“. . . . How did we get here? First, we must understand that this is not Russia’s war. It is Mr. Putin’s. He comes from a particular generation of Russian security officials who never managed to reconcile themselves with Moscow’s Cold War defeat. In front of their eyes, the Soviet Union vanished from the map without military loss or foreign invasion. For them, the current assault on Ukraine is a logical and necessary inflection point. The imperial table can once again be reset. These people are not interested in writing the future; they want to rewrite the past.
While watching Russian missiles attacking Kyiv, in a mood of powerless outrage, I suddenly realized that many Russians must have felt the same way when NATO was bombing Belgrade two decades ago. Mr. Putin’s invasion may be more about revenge than grand strategy. . . . “
David Lindsay Jr.
Hamden, CT | NYT comment:
My hope is that by March 15th, the leaders of the free people’s of the world wake up and NATO goes to war to take out Putin and his oligarch mafia. Some things are worth dying for. My father fought in WW II, and his class of Yale 1944 lost 25% of their classmates in the war. It should not be only in fantasies like Tolkien books, that the good guys come to the rescue of other good guys of other countries, against the bad guys. NATO should step up. David Lindsay Jr blogs at InconvenientNews.net
“The dangers of climate change are mounting so rapidly that they could soon overwhelm the ability of both nature and humanity to adapt unless greenhouse gas emissions are quickly reduced, according to a major new scientific report released on Monday.
The report by the Intergovernmental Panel on Climate Change, a body of experts convened by the United Nations, is the most detailed look yet at the threats posed by global warming. It concludes that nations aren’t doing nearly enough to protect cities, farms and coastlines from the hazards that climate change has unleashed so far, such as record droughts and rising seas, let alone from the even greater disasters in store as the planet continues to warm.
Written by 270 researchers from 67 countries, the report is “an atlas of human suffering and a damning indictment of failed climate leadership,” said António Guterres, the United Nations secretary general. “With fact upon fact, this report reveals how people and the planet are getting clobbered by climate change.”
The perils are already visible across the globe, the report said. In 2019, storms, floods and other extreme weather events displaced more than 13 million people across Asia and Africa. Rising heat and drought are killing crops and trees, putting millions worldwide at increased risk of hunger and malnutrition, while mosquitoes carrying diseases like malaria and dengue are spreading into new areas. Roughly half the world’s population currently faces severe water scarcity at least part of the year.”
Thank you Plummer and Zhong. Here is my favorite comment.
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Marriott Edgar in pantomime dame costume
Marriott Edgar (5 October 1880 – 5 May 1951), born George Marriott Edgar in Kirkcudbright, Scotland, was an English poet, scriptwriter and comedian, best known for writing many of the monologues performed by Stanley Holloway, particularly the ‘Albert’ series. In total he wrote sixteen monologues for Stanley Holloway, whilst Holloway himself wrote only five.
Source: Marriott Edgar – Wikipedia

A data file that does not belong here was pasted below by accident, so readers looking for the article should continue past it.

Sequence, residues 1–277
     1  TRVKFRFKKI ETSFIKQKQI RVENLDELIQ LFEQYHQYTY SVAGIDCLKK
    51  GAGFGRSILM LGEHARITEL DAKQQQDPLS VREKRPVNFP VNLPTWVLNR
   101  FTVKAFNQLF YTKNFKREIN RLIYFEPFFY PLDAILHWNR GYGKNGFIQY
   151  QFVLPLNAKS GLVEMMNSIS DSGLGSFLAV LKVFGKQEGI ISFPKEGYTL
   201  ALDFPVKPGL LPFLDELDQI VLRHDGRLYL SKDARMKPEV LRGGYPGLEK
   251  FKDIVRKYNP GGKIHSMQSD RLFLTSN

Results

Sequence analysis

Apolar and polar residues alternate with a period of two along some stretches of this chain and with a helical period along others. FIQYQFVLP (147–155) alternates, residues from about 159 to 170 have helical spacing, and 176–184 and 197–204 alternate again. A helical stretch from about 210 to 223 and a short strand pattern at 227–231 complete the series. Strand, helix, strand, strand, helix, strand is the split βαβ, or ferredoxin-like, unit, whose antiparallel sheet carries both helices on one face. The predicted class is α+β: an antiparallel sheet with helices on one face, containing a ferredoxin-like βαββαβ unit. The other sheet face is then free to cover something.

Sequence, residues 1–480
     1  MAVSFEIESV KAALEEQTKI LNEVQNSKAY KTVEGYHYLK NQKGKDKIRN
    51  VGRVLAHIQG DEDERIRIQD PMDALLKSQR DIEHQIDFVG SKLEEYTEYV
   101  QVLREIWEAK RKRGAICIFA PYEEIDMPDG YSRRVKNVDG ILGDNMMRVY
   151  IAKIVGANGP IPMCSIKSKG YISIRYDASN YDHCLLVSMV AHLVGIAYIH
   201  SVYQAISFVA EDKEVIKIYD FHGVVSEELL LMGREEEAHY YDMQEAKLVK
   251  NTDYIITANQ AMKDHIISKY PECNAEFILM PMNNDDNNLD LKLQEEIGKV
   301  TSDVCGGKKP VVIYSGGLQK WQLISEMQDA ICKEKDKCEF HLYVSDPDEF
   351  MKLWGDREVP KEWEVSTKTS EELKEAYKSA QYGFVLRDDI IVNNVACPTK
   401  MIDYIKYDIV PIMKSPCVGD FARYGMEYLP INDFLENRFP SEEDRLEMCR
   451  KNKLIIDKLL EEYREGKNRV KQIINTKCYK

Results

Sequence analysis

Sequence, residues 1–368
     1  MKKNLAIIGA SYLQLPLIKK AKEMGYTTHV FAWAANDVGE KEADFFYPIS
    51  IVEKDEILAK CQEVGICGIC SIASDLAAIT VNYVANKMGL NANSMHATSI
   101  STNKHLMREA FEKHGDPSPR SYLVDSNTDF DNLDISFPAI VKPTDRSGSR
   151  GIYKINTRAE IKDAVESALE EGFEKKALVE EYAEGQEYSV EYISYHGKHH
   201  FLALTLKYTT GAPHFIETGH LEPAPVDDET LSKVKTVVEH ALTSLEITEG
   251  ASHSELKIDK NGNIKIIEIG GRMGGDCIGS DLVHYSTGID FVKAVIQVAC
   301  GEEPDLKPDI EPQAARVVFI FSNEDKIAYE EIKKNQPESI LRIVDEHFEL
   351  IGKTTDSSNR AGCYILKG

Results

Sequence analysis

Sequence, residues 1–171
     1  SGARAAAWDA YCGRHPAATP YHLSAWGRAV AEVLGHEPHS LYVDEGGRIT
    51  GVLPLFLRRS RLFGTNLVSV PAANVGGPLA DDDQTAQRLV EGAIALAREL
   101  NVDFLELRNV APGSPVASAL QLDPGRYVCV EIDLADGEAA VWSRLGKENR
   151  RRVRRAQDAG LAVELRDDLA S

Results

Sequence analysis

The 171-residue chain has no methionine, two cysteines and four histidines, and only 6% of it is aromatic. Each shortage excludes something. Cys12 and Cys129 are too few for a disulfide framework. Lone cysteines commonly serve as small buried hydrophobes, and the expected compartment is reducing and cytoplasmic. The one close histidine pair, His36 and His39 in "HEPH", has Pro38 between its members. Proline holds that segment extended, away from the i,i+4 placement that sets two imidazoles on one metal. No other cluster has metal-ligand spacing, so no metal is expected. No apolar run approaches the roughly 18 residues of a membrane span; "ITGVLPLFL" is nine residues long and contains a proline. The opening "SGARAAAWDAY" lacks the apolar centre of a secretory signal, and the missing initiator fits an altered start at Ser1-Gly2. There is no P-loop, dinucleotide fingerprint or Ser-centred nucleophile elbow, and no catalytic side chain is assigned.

“MERRICKVILLE, Ontario — There aren’t many scientists raised in the ways of druids by Celtic medicine women, but there is at least one. She lives in the woods of Canada, in a forest she helped grow. From there, wielding just a pencil, she has been working to save some of the oldest life-forms on Earth by bewitching its humans.
At a hale 77, Diana Beresford-Kroeger is a medical biochemist, botanist, organic chemist, poet, author and developer of artificial blood. But her main focus for decades now has been to telegraph to the world, in prose that is scientifically exacting yet startlingly affecting, the wondrous capabilities of trees.
Dr. Beresford-Kroeger’s goal is to combat the climate crisis by fighting for what’s left of the great forests (she says the vast boreal wilderness that stretches across the Northern Hemisphere is as vital as the Amazon) and rebuilding what’s already come down. Trees store carbon dioxide and oxygenate the air, making them “the best and only thing we have right now to fight climate change and do it fast,” she said.
Her admirers, who included the late biodiversity pioneer E.O. Wilson, say what sets Dr. Beresford-Kreoger apart is the breadth of her knowledge. She can talk about the medicinal value of trees in one breath and their connection to human souls in the next. She moved Jane Fonda to tears. She inspired Richard Powers to base a central character of his Pulitzer-prize winning novel, “The Overstory,” in part on her: He has called her a “maverick” and her work “the best kind of animism.” “
“A landmark United Nations report has concluded that the risk of devastating wildfires around the world will surge in coming decades as climate change further intensifies what the report described as a “global wildfire crisis.”
The scientific assessment is the first by the organization’s environmental authority to evaluate wildfire risks worldwide. It was inspired by a string of deadly blazes around the globe in recent years, burning the American West, vast stretches of Australia and even the Arctic.
The images from those fires — cities glowing under orange skies, smoke billowing around tourist havens and heritage sites, woodland animals badly injured and killed — have become grim icons of this era of unsettled relations between humankind and nature.
“The heating of the planet is turning landscapes into tinderboxes,” said the report, which was published on Wednesday by the United Nations Environment Program.”